CTMS students at the Business Center

RANSON, W.Va. -- Charles Town Middle School students learned what it takes to succeed as an entrepreneur during a visit from Carlise Campbell, owner of The Business Center Ship, Print, & More in Jefferson County. Campbell is the creator, owner, and operator of the Ranson Business Center where she hosted members of the CTMS Black Student Association on February 22 to share her experience as a Black female business owner. Exhausted by corporate hierarchy, Campbell set off to invest in herself. She gave students her insights about the art of life, family, and making money. The granddaughter of Black sharecroppers, Campbell grew up in the Chicago area. This unique experience gave her the background and knowledge to shape her business expertise. From the age of ten, she worked selling family-grown vegetables to neighbors, families, and friends.

As part of her message about finding balance in life, Campbell encouraged students to acquire foundational work skills along with a solid school education. She encouraged students to get a job while they were in school to gain knowledge and experience. She said that doing so would put them on a fast track toward success.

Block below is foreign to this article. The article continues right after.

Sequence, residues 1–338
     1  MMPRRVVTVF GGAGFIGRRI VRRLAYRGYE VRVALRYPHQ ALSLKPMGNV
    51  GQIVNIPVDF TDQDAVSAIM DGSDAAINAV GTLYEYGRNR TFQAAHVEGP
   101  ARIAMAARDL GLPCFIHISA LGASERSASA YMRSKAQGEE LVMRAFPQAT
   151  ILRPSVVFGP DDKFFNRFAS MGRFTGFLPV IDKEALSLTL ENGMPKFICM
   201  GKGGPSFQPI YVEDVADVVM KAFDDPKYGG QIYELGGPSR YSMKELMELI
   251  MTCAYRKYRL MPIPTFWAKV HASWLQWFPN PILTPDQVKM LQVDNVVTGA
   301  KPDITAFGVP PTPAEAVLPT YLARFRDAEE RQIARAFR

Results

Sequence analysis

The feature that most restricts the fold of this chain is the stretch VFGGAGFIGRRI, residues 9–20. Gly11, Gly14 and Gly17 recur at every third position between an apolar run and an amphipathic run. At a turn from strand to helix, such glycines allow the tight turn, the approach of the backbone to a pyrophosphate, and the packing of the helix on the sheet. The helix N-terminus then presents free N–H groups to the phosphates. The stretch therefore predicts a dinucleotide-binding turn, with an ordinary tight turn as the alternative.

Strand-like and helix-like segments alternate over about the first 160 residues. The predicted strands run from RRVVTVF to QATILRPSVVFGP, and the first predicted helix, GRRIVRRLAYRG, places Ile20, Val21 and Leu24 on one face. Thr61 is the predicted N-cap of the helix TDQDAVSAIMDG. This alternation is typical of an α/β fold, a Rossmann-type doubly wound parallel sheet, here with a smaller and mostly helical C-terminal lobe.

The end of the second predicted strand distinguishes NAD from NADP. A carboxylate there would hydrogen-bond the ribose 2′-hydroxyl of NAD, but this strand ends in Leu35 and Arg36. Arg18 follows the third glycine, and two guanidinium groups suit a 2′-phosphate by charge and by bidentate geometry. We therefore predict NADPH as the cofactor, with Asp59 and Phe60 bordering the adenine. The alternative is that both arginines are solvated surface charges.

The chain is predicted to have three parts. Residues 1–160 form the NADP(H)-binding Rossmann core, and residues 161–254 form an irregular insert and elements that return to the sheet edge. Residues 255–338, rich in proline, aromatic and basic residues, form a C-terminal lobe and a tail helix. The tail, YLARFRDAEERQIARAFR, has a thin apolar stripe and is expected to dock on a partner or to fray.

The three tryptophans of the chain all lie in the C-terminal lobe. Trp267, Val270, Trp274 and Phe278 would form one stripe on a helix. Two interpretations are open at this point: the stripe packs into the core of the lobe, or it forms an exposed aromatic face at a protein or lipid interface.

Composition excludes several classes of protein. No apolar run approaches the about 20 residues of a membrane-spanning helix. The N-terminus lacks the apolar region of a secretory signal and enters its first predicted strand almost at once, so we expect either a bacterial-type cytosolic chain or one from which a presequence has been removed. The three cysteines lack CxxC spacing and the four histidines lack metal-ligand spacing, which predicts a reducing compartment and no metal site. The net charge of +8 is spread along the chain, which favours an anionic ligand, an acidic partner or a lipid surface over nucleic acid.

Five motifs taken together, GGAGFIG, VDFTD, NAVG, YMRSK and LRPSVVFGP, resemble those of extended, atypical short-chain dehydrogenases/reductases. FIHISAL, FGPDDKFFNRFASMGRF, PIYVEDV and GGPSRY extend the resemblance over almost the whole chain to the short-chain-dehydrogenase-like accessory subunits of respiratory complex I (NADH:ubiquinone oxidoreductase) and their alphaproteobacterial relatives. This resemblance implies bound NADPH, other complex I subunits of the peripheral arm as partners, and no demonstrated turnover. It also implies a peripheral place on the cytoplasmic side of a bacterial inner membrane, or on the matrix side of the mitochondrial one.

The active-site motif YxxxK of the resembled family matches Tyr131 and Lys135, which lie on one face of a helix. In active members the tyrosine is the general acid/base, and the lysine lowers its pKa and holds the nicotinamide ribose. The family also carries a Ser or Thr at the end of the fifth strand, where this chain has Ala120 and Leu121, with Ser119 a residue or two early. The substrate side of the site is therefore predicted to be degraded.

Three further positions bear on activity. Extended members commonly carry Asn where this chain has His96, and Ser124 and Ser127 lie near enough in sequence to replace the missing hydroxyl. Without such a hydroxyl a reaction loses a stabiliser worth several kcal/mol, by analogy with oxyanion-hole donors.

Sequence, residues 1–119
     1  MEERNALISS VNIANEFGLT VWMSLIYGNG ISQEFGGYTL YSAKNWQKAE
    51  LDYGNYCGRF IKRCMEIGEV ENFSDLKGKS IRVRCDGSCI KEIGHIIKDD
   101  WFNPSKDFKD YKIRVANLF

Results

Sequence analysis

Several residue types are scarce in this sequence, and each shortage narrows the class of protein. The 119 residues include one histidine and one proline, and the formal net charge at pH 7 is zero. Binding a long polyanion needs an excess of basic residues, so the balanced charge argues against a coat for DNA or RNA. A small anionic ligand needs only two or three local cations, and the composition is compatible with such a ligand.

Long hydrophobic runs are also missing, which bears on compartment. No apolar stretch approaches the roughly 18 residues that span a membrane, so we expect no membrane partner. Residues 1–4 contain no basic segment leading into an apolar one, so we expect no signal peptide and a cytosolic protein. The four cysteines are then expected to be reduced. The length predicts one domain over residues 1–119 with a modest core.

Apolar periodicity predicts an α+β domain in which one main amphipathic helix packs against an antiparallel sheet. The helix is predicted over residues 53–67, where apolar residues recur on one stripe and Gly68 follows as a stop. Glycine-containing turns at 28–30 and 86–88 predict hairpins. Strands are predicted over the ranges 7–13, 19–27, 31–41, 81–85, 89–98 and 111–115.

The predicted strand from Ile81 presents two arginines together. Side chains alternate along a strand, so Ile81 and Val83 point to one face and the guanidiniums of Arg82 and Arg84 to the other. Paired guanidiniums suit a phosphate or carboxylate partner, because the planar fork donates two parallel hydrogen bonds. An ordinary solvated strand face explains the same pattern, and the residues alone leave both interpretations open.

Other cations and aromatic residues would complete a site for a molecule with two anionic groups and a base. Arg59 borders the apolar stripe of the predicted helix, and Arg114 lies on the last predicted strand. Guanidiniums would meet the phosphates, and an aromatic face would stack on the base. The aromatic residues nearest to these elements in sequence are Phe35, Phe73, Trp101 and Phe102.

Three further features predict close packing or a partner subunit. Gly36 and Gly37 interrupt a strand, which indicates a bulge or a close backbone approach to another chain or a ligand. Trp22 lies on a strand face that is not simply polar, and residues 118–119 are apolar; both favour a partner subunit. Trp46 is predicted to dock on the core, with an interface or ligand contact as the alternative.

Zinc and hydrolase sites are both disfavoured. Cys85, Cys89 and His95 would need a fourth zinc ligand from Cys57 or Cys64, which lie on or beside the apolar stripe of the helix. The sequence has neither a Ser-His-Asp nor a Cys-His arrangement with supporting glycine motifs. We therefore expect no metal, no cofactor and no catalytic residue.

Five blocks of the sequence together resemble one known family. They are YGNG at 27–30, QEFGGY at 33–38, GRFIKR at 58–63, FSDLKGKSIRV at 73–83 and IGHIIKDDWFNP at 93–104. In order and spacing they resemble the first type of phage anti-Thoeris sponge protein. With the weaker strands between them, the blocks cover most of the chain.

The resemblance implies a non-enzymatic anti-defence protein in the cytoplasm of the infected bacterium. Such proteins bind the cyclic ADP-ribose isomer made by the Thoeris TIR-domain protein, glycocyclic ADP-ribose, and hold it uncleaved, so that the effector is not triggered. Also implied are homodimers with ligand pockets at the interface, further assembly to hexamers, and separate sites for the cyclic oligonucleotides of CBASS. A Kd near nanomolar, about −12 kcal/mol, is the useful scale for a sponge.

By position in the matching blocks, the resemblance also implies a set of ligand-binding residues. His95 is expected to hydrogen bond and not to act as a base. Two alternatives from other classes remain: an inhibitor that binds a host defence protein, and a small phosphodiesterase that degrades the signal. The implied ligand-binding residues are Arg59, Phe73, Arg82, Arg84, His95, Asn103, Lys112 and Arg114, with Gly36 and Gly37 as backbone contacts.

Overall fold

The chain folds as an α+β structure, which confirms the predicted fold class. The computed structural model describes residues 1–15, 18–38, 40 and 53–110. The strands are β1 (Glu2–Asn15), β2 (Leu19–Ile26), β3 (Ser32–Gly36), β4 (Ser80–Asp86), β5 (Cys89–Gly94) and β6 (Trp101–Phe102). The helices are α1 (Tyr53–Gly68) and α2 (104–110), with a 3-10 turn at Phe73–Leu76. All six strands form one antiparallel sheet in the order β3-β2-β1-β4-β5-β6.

Campbell also shared her lived experiences with students to encourage them to understand it is not easy to become your own success. She relayed to her audience that she often had to overcome perceptions of her gender and race in order to succeed. Overall, Campbell encouraged everyone to get involved.
"Try things you might like for a career… not just to make money. Don’t just chase a degree, MAKE a life," she said. “Design a future where people work for you, not just you working for them, like one of the earliest Black entrepreneurs, Frederick D. Patterson, who created his own Black car company, did over 100 years ago."
Campbell said she sees some parallels between Patterson's pioneering journey and her own. The visit was well received by the students. CTMS staff thanked Campbell for hosting and sharing with students.